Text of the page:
Monitoring press freedom and international affairs from Mid-Missouri Public Radio and the Missouri School of Journalism

Legislation influencing women's rights in India

26 September 2013

The recent cases of gang rape of a female photojournalist in Mumbai and a physiotherapist intern in New Delhi have not only intiated a wave of protests all around India but also made the people question the legislation that protects women in the country. Unfortunately, rape cases and the subsequent willingness to pass laws ensuring women rights are not new in India.

Since the passage of the Dowry Prohibition Act in 1961 that prohibits the request, payment, or acceptance of dowry (the gift demanded or given as a precondition for a marriage), people in India are demanding for more and better laws that makes women feel safer and adminster stricter and quicker punishments to the perpetuators of crimes against women. The Sexual Harassment of Women at Workplace Act, passed this year, is one of the newer laws that seeks “to provide protection against sexual harassment of women at workplace and for the prevention and redressal of complaints of sexual harassment and for matters connected therewith or incidental thereto."

However, laws alone aren’t enough to end the sexual crimes against women. For Tessta Setalvad, an Indian civil rights activist and the secretary of Citizens for Justice and Peace (CJP) – an organization that fights for justice for the victims of violence in the state of Gujarat, the rules by themselves are not good enough: “You need to have the provisions that enable women to access the law. And that’s where the problem arises because in law and order machinery it serves a very gender-biased mindset."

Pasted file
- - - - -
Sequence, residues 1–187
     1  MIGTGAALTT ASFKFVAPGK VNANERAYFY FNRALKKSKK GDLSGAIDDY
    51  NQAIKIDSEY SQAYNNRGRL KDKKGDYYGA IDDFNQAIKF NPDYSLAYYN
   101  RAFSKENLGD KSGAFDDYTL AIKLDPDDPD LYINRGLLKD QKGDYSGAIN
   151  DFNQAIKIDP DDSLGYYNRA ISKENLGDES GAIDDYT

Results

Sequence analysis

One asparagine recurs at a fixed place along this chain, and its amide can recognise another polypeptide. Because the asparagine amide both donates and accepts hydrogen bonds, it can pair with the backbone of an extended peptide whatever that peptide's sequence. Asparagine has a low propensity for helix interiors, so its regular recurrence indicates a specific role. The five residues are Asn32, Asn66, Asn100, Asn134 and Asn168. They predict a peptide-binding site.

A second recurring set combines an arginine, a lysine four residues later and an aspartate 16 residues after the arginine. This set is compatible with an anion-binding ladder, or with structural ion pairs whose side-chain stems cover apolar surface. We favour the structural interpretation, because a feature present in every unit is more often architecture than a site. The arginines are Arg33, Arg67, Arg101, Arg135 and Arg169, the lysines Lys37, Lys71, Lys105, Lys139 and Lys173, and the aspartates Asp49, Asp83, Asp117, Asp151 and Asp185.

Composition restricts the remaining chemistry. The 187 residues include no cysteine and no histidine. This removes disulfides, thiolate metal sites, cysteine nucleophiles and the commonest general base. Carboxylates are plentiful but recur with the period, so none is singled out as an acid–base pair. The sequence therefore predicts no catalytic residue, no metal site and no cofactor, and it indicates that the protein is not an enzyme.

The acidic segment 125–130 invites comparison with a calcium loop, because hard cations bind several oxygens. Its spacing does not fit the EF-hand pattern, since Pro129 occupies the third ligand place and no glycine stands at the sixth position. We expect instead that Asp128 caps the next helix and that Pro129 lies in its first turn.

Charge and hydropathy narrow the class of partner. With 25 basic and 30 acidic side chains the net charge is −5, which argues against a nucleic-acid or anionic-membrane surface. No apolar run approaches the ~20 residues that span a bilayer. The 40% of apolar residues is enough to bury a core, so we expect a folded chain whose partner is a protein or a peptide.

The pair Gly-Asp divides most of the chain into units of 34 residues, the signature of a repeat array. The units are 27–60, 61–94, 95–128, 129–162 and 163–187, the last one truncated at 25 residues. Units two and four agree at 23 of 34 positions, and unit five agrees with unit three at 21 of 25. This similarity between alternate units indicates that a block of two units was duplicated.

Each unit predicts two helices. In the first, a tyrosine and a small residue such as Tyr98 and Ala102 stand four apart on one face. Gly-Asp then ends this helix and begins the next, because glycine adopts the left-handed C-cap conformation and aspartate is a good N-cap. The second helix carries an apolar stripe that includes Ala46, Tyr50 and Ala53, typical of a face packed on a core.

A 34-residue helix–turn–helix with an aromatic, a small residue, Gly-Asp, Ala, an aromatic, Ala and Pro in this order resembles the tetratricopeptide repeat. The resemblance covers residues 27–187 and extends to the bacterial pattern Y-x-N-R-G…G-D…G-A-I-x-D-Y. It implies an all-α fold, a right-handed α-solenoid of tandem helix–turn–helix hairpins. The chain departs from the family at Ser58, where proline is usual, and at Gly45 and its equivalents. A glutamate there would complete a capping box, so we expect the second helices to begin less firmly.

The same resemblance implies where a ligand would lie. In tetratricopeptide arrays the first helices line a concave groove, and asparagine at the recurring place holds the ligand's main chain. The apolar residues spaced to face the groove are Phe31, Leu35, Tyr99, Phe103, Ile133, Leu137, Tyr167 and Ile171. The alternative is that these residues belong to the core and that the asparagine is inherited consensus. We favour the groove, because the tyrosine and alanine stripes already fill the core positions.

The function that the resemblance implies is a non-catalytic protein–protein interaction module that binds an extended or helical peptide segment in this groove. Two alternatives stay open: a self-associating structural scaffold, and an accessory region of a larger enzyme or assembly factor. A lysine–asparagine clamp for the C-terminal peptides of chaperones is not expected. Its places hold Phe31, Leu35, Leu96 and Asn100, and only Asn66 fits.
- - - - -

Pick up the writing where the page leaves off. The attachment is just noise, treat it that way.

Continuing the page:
Senior Resident Editor of Hindustan Times, Sunita Aron echoed a similar belief. But to her, changes are slowly made not because of the creation of new pleas but because of the pressure exerted by activist groups and the media. Aron also said that one of the main problems is the lack of coverage of crimes against women happening in rural areas: “The focus of the media is not there (villages and rural areas). It’s basically that it happened because of the media and public pressure, not because the government or the administration wanted to take any action”.

By Marina Demartini and Nate Anton. 

Monitoring press freedom and international affairs from Mid-Missouri Public Radio and the Missouri School of Journalism.
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